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"It Gives You in 1933 the Car of 1940"... [PIC]

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Rich Sufficool
(@rich-sufficool)
Illustrious Member
Joined: 2 years ago
Posts: 2131
Topic starter  

The Pierce Arrow "Silver Arrow" debuted at the 1933 New York Auto Show as the epitome  of future styling, power and luxury. Designed by Phillip O. Wright, 5 of this model were built with a price tag of $10,000 each. The all steel fastback design had no running boards, headlights integrated into the fenders and rather than side mounting the spares, the were stored in fender cabinets. A 175 hp V12 could propel the car to 115 mph. Of the 5 built, only 3 remain... and they all claim to be the car from NY Auto Show.

Fun Fact: The bodies were actually built by Studebaker craftsmen as Studebaker owned Pierce-Arrow from 1928 to 1933.

This is a surprisingly well done model by Signature for its low pricepoint and vastly superior to the 1/24 Danbury Mint horror show.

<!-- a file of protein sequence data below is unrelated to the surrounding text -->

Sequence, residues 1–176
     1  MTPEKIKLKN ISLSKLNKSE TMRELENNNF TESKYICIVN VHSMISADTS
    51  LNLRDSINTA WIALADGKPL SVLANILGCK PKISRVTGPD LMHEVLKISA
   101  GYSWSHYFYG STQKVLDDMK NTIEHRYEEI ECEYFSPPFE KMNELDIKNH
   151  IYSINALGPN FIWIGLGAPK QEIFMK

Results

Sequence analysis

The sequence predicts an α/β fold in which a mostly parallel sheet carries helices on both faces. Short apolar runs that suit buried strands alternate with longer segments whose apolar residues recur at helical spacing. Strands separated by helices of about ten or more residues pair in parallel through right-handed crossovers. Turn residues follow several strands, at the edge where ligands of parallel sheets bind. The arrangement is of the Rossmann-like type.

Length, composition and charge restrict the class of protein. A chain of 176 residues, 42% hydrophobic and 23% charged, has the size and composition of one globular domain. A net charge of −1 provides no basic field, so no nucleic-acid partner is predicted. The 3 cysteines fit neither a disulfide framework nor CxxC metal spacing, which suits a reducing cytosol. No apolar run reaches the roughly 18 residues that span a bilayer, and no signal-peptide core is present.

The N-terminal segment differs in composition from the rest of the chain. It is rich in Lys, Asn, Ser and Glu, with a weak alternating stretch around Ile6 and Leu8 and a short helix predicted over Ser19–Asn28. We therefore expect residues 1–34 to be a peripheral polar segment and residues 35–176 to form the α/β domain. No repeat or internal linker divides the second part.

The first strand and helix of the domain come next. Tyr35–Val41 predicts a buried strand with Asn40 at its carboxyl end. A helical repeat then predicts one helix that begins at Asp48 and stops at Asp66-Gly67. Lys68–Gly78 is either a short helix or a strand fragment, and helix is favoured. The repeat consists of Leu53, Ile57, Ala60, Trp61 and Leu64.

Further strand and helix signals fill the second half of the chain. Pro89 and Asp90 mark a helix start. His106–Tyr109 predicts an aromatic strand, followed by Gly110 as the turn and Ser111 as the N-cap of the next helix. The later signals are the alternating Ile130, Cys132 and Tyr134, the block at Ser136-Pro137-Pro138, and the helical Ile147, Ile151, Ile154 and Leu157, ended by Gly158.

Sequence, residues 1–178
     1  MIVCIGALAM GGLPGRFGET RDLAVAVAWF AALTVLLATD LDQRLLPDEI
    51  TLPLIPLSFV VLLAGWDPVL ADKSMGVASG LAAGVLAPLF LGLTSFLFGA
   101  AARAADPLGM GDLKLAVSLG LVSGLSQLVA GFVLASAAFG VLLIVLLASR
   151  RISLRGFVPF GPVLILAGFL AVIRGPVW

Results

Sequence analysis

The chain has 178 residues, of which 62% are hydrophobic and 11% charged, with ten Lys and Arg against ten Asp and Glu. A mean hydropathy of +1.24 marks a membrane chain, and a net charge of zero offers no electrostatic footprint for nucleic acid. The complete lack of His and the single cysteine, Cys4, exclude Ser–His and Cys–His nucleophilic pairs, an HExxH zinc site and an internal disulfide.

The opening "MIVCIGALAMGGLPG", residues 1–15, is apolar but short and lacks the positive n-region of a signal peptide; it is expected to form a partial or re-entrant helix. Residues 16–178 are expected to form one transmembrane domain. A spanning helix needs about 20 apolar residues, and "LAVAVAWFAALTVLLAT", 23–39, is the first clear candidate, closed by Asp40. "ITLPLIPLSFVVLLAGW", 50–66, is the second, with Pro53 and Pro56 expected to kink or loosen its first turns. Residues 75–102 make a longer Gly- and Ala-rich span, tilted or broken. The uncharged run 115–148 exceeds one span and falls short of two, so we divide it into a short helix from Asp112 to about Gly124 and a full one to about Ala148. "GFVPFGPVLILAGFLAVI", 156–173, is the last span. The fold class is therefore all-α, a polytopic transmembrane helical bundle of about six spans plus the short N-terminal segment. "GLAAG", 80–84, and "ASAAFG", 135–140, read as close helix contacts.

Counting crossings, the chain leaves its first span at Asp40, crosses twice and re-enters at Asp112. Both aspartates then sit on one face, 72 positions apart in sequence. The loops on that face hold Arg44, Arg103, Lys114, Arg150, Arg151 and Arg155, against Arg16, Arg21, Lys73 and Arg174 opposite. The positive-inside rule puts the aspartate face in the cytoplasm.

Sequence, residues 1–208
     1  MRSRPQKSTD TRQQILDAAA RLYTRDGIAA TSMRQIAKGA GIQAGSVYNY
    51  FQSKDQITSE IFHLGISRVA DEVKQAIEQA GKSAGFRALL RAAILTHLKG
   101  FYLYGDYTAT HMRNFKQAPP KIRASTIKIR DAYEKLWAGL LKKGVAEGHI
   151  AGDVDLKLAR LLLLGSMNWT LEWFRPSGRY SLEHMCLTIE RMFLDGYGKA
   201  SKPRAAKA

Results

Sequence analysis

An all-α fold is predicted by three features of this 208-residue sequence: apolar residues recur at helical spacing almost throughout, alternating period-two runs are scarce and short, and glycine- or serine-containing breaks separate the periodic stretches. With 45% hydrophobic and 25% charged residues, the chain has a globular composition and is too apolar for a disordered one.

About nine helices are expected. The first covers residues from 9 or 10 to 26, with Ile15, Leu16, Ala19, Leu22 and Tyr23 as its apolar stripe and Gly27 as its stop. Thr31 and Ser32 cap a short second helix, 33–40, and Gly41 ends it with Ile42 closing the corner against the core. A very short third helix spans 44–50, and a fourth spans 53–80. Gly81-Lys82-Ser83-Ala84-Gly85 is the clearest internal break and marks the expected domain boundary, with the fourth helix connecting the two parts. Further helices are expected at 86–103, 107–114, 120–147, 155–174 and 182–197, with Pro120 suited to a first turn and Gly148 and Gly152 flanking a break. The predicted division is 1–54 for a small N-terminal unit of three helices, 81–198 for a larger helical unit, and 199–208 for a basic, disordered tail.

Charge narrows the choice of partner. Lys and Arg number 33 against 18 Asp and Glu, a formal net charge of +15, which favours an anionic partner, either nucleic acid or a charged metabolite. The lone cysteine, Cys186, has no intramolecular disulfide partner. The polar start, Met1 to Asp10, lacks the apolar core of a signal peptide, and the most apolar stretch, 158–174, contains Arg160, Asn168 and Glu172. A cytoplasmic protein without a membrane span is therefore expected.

33PSA 006
33PSA 010
33PSA 035
33PSA 038 1
33PSA 030

 

33PSA 014
33PSA 029
33PSA 026
33PSA 016 001
33PSA 017
33PSA 032 1
33PSA 047
33PSA 005
33PSA 040 001
33PSA 033
33PSA 038 1

   
David H, Bob Jackman, Mike DeTorrice and 9 people reacted
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Paul Rouffa
(@paul-rouffa)
Prominent Member
Joined: 26 years ago
Posts: 382
 

One of my favorites.


   
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David Green
(@david-green)
Illustrious Member
Joined: 2 years ago
Posts: 4636
 

Wow! I'm impressed with this detailed model. Great post Rich.


   
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Mike DeTorrice
(@mikedetorrice)
Famed Member
Joined: 2 years ago
Posts: 1410
 

What a magnificent car ! This was a brilliant 1/18 model by Signature. I have the less common edition from them which was in overall gleaming black with silver accent areas.


   
Paul Rouffa, Rich Sufficool, Paul Rouffa and 1 people reacted
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Larry kemling
(@larry-kemling)
Noble Member
Joined: 2 years ago
Posts: 865
 

I always wondered though why oh why have there not been other models of the Pierce Arrows produced…??🤔😥😒
the only one in the 1930s I’ve found was a sweet little 1930 Roadster in 1/32.


   
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Christopher Moroni
(@chris)
Noble Member
Joined: 26 years ago
Posts: 1054
 

In 1933, this would've been tremendously futuristic. The crowds must have been awestruck.


   
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